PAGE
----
EspañolThe name Ross Ulbricht, the alleged founder of Silk Road — a virtual marketplace hosted in the Deep Web — could have appeared next to Amazon’s Jeff Bezos, Facebook’s Mark Zuckerberg, PayPal’s Peter Thiel, and many other entrepreneurs that are a touchstone when talking about innovation.
Despite having fulfilled a market need, just like some of the most revered entrepreneurs on the planet, Ulbricht’s name is now chalked up on the inmates list of a New York prison. Unlike the above individuals, the US government took a dim view of his online activities.
On February 6, a federal jury in New York found Ulbricht guilty of seven offenses. The official indictment lists drug trafficking and money laundering, among other charges. But the case against him says more about the accusers than about the defendant.
US officials say the former UT Dallas student was the head of a criminal empire: they’ve pinned him as the creator of an organization that enabled drug traffickers worldwide to operate beyond the gaze of the law.
Silk Road, Ulbricht’s creation, allowed thousands of people to trade products that can be found in any mall. But it also became the location of choice to buy illegal drugs online. The combination of the Tor network and digital currency bitcoin cemented a meeting point between sellers and buyers.
Silk Road generated a drug market far from the dangers created by draconian US drug law. On the online marketplace, laws responsible for cramming US prisons with people who haven’t committed violent crimes against life, property, or individual freedoms, could be circumvented.
On Silk Road, sellers had a public reputation: buyers could evaluate their experience and share it with others, and didn’t finalize payments until satisfied with the delivery.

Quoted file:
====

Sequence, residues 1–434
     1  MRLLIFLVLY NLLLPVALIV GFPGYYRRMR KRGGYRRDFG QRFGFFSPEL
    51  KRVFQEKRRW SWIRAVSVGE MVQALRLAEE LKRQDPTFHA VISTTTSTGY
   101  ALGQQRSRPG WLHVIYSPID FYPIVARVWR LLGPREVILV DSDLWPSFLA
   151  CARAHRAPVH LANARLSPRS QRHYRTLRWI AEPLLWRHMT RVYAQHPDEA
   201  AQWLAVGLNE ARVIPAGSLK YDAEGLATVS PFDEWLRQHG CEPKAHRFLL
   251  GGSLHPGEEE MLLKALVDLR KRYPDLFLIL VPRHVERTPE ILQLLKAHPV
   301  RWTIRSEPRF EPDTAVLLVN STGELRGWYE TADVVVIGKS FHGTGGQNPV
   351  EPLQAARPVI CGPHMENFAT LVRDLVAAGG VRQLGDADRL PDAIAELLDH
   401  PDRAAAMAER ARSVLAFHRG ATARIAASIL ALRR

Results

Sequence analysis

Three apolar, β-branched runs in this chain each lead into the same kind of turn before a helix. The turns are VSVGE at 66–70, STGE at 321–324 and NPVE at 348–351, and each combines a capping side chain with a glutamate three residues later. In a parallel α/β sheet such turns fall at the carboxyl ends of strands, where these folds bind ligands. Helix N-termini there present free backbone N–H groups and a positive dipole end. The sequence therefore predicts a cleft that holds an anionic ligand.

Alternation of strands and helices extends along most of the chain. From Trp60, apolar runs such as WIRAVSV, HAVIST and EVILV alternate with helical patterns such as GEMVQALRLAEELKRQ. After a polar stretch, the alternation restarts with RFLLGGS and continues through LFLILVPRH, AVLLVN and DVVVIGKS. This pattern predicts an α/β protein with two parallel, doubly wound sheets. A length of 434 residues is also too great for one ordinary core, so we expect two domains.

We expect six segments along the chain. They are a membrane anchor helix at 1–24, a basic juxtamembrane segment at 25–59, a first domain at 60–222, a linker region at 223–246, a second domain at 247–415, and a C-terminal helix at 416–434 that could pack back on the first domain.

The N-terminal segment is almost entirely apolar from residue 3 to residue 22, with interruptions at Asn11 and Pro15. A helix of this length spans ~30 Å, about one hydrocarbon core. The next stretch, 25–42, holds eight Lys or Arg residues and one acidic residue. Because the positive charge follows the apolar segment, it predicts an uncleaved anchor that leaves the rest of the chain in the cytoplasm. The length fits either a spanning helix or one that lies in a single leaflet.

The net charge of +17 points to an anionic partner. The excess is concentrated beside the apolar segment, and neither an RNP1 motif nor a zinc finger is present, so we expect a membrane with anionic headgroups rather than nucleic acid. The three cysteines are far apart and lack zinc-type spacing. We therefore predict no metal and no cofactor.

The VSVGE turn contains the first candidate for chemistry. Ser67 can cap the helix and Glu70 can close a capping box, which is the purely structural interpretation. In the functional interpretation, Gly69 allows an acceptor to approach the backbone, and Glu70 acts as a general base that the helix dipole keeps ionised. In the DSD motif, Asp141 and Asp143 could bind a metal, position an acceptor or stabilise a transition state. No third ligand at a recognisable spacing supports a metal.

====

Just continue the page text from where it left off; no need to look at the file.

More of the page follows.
Users employed forums to denounce scammers and support those offering an honest service, eliminating many of the risks involved in transactions outside the law. But above all, it eliminated the myth that the product, drugs, are the cause of violence around drug trafficking, rather than the context in which the market develops.
Silk Road proved that state heavy-handedness drives the drug trade into the hands of criminals, and that an open community of buyers and sellers could operate without harm to anyone else.
Of course, to accept the lesson of Silk Road, we must also accept the right of responsible adults to choose what substances they introduce into their bodies, prohibited or otherwise.
In the past five decades, the US government has driven a brutal criminalization of this right, artificially generating exorbitant levels of violence inside and outside its borders, and ruined many more lives than any psychoactive substance could. The human and material destruction wreaked by drug law is off the scale when compared to that generated by drugs.
Ulbricht, however, sought to expose the hypocrisy that still reigns in a nation designed to be a home for personal liberty. He offered a forceful exposition of his philosophy on his LinkedIn profile:
I want to use economic theory as a means to abolish the use of coercion and aggression amongst mankind. Just as slavery has been abolished most everywhere, I believe violence, coercion and all forms of force by one person over another can come to an end. The most widespread and systemic use of force is amongst institutions and governments, so this is my current point of effort. The best way to change a government is to change the minds of the governed, however. To that end, I am creating an economic simulation to give people a first-hand experience of what it would be like to live in a world without the systemic use of force.
If the Silk Road experience was not convincing enough to prove Ulbricht’s point, the actions of the US government have, ironically, done his work for him.
In the face of the consensual, peaceful, and voluntary activities that took place on the website, the state again revealed its true nature, throwing a genuine freedom fighter in jail, and undermining any claim it has to be striving to help realize “the land of the free.”
Translated by Rebeca Morla. Edited by Laurie Blair.